Cramer, KKR, Cooperman and Converts

Chidem Kurdas

Last Friday Jim Cramer recommended KKR Financial Holdings, the publicly-traded credit vehicle from private equity giant Kohlberg Kravis Roberts. The investment idea came with a couple of warnings.

One, it is speculative. They borrow money to buy debt, Mr. Cramer said. They buy primarily below-investment-grade debt as well as distressed or stressed paper.

Two, the main reason Mr. Cramer says he went for KKR Financial is insider buying—-by KKR chief executive William Sonneborn and notably by Leon Cooperman, long-time equity investor and head of Omega Advisors. Surely a good sign.

Mr. Cooperman is a substantial shareholder. The striking thing, though, is something Cramer did not mention. Besides owning the stock, Cooperman has been buying KKR convertible notes. He invested in both KKR stock and bonds in large part for himself, a family foundation and some philanthropies—not the Omega hedge funds.

The notes give him the option to convert to stock in 2012.  Were he to hold only converts, he might have short sold the stock–a common strategy, with the bonds acting as a hedge. But that’s not the way it looks at present, as he has a cache of shares.

A couple of weeks ago KKR Financial announced that it decided not to proceed with a public offering because of unfavorable market conditions.  But it negotiated a four-year $250-million asset-based credit facility with a group of banks, including Citibank, Bank of America, Deutsche Bank and Morgan Stanley.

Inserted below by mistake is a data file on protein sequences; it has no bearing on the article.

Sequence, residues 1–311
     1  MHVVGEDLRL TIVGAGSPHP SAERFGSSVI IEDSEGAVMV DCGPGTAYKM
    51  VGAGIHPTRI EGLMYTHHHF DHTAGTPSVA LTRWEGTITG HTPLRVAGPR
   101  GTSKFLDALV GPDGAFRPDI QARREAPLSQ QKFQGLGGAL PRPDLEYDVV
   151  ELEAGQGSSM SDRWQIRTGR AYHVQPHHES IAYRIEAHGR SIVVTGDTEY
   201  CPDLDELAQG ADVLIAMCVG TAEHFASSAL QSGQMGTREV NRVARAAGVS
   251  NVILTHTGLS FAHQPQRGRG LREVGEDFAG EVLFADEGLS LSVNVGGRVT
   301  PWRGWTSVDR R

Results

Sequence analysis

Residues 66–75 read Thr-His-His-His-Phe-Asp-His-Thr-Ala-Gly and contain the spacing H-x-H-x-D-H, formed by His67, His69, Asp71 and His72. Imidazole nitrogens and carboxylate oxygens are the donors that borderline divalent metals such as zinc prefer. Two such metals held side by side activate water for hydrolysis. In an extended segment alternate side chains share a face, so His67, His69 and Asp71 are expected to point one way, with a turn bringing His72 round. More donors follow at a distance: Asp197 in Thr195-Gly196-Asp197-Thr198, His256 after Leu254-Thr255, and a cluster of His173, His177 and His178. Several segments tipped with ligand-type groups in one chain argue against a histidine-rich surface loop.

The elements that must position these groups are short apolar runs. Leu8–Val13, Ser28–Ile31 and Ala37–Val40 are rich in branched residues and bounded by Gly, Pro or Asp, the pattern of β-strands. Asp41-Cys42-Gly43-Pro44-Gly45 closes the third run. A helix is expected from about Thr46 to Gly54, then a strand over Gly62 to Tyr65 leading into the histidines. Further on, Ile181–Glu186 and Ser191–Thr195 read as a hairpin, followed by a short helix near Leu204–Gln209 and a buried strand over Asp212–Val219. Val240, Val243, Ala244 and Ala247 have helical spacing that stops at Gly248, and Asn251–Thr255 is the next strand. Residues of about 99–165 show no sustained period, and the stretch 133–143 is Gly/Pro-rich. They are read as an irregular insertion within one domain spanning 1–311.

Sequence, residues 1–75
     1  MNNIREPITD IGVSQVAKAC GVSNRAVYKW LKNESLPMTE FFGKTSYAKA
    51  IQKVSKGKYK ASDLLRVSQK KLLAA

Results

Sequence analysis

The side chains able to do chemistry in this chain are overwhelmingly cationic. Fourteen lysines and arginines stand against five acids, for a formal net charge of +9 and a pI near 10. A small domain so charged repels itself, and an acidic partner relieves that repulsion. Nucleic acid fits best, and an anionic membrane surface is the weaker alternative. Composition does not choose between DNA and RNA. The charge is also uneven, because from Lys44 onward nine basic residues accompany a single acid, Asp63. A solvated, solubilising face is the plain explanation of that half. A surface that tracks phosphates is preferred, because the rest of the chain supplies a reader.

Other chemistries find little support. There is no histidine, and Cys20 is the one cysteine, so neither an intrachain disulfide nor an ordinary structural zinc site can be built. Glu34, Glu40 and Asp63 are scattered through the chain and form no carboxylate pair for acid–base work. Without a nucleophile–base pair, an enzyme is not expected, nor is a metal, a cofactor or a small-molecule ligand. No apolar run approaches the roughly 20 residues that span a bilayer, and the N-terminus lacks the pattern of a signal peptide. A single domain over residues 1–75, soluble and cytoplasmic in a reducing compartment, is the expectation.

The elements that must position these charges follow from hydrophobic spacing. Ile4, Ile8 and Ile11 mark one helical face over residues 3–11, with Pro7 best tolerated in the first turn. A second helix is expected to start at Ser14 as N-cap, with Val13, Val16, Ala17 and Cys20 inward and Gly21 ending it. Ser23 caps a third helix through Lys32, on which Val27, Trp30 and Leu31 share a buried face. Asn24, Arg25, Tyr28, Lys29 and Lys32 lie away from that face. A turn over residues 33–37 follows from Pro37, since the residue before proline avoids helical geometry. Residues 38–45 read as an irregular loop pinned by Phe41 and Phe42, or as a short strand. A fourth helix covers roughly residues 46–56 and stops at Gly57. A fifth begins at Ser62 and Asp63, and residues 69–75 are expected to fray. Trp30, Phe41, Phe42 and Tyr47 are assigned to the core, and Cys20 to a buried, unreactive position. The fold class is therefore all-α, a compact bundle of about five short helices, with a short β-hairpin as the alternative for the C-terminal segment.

Between that credit and the sale of convertible notes, KKR has enough purchasing power to go on buying debt and presumably pay good dividends. The share is fluctuating around $7.80, down from almost $30 at its peak in 2007. That’s part of Cramer’s argument and perhaps Cooperman’s as well—the dividend is high and the price low, so the yield is strong.

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One Response to “Cramer, KKR, Cooperman and Converts”

  1. Cooperman Boosts KKR Position « HedgeFundSmarts Says:

    […] In May Jim Cramer recommended KKR Financial as a speculative buy, in part on the basis of insider buying by…. […]

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